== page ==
Pappardelle with Roasted Tomatoes, Peppers and Fresh Basil Oil
The weather has been rather miserable this weekend, and so I have naturally decided to hibernate. The little dusting of snow we are getting is just enough to keep by the warmth of our log burner. Plus I’ve had the additional task of looking after horses whilst my mother and her partner went to a christening, so I’ve been rather farm-bound; a.k.a kitchen bound. After completing all farm duties yesterday morning I decided to fetch out the pasta machine. What better way to spend a wintry afternoon in doors than to rustle up some delicious, fresh pasta?! Like a kid with a ball of play doh, I excitedly rolled out and cut, rolled out and cut, to my little hearts content. If you’ve read my previous pasta post, Ottolenghi’s Lemon and Walnut Fettuccine, then you will know that along with my pasta machine, I also have a farfalle cutter and a ravioli cutter. But in the end, I decided to go for simple, beautiful ribbons- perhaps better known as pappardelle. I’ve always liked the look of these beautiful blankets of pasta; the way they roll and twist in the bowl, the way they mop up thick sauces and layer between pieces of meat and vegetable. And I was quite happy with my own creations, somewhat rustic compared to the shop bought stuff, but better off for it! I haven’t yet purchased a pasta drying rack, not because they are overtly expensive, but because I have no where to put it. I have a collection of bowls, plates, tins, silicone mats gathering on my window sill in my room. My mothers kitchen cupboards are overflowing as they are; so all I can do is hoard my own collection in my room. So to dry my pasta I chose to drape it over several clothes hangers. Genius. I know! I need to get my hands on some polenta; coating the pasta in a light layer of the stuff stops the pasta from sticking, thus meaning you don’t have to dry the pasta strand by strand. But hey, I’m coping without it!
I couldn’t be bothered to drive and get groceries so I just searched the fridge and cupboards and went from there. I wanted something simple; I didn’t want to draw too much attention away from the delicious fresh pasta, so I grabbed some tomatoes, peppers and onion for roasting, and thought I’d whip up a little fresh basil oil. Fresh, simple, satisfying. Exactly what I needed on a rather depressing day.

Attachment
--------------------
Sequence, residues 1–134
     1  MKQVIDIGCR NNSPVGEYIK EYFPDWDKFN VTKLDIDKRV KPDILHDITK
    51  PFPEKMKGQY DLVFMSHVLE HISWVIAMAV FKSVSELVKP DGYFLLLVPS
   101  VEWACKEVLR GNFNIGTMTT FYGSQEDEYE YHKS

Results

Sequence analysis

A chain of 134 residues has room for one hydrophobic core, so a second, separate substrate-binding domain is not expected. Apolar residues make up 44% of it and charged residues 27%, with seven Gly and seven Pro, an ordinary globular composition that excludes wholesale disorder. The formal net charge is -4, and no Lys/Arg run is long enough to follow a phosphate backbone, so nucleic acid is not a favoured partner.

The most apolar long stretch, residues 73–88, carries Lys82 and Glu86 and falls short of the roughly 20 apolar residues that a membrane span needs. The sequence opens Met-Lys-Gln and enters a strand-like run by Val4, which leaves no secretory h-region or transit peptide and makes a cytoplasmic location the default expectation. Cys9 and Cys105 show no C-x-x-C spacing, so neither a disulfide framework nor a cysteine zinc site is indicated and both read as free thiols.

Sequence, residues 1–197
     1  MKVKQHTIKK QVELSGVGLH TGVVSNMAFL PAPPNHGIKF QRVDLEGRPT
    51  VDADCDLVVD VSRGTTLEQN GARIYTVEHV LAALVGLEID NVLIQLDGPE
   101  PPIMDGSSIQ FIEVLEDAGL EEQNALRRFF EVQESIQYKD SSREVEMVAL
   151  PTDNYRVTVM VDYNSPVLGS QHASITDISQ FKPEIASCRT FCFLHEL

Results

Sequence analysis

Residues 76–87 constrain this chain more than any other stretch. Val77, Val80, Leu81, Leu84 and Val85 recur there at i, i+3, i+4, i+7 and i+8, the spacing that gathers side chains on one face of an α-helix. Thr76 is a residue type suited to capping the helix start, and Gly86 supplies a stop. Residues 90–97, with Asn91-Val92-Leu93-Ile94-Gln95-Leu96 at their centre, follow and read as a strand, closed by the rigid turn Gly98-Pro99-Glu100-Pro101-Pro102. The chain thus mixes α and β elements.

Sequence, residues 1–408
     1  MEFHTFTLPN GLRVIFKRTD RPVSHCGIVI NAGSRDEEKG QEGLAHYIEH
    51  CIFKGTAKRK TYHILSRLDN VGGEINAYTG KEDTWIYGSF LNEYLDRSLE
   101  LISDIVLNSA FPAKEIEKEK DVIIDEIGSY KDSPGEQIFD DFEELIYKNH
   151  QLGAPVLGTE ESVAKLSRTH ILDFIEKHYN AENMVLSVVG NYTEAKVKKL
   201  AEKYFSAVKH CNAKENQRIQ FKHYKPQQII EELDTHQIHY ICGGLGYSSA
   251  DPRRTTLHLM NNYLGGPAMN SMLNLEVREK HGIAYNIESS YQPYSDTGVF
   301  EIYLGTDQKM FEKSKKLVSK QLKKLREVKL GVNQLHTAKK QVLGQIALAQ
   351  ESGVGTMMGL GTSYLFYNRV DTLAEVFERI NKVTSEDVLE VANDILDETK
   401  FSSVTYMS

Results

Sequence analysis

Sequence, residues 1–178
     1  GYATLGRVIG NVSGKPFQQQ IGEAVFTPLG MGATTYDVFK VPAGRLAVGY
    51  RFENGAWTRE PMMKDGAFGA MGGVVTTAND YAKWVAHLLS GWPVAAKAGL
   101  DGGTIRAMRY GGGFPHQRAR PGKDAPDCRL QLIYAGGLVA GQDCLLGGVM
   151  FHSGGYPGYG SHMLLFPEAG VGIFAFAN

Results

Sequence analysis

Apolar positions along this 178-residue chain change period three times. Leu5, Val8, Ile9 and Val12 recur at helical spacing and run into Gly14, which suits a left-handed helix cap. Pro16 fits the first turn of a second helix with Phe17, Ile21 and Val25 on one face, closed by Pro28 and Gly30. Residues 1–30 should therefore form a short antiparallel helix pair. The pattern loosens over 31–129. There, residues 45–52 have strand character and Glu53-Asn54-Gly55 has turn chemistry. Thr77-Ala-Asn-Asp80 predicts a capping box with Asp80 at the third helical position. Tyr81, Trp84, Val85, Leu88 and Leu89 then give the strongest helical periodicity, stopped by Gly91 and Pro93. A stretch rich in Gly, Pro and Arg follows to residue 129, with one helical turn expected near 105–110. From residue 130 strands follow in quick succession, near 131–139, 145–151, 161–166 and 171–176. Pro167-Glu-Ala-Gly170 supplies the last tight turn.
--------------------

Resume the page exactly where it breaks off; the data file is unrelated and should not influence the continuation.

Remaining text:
- 1 large pointed red pepper
- 1 punnet of cherry tomatoes
- 1/2 medium red onion
- 1 garlic clove, crushed
- 3-4 tbsp of olive oil
- 1 large handful of fresh basil
- rind and juice of 1/2 large lemon
- salt and pepper
- 175-200g of pappardelle (fresh or dry)
- grated fresh parmesan
- meat lovers could opt in some pancetta
- Preheat the oven at 180C for fan, 200C for your average oven.
- Begin by cutting the pepper into chunks, halving some of the tomatoes (leaving some whole for variety), and slicing the onion. I opted to leave everything quite chunky, but feel free to slice into smaller chunks if necessary. But bare in mind roasting time will be less. Place the vegetables in a roasting tin, dress with half the oil, add the crushed garlic and season- then into the oven. Roasting will take approximately 15-20 minutes depending on your oven.
- Using a pestle and mortar, crush the basil leaves with the rest of the oil, lemon juice and rind. Season with a little salt and pepper.
- When the vegetables ready you can turn off the oven leaving the tray inside, while you cook your pasta. Fresh pasta takes minutes, depending on the thickness. But if using dry pasta, then follow the instructions on the packet, which usually averages at about 8-10 minutes.
- When the pasta is ready drain the water and toss the pasta in the roasting pan with the vegetables. Add the basil oil and serve, with a shower of fresh parmesan cheese.
- Eat it all. And lick the bowl. And smile with satisfaction.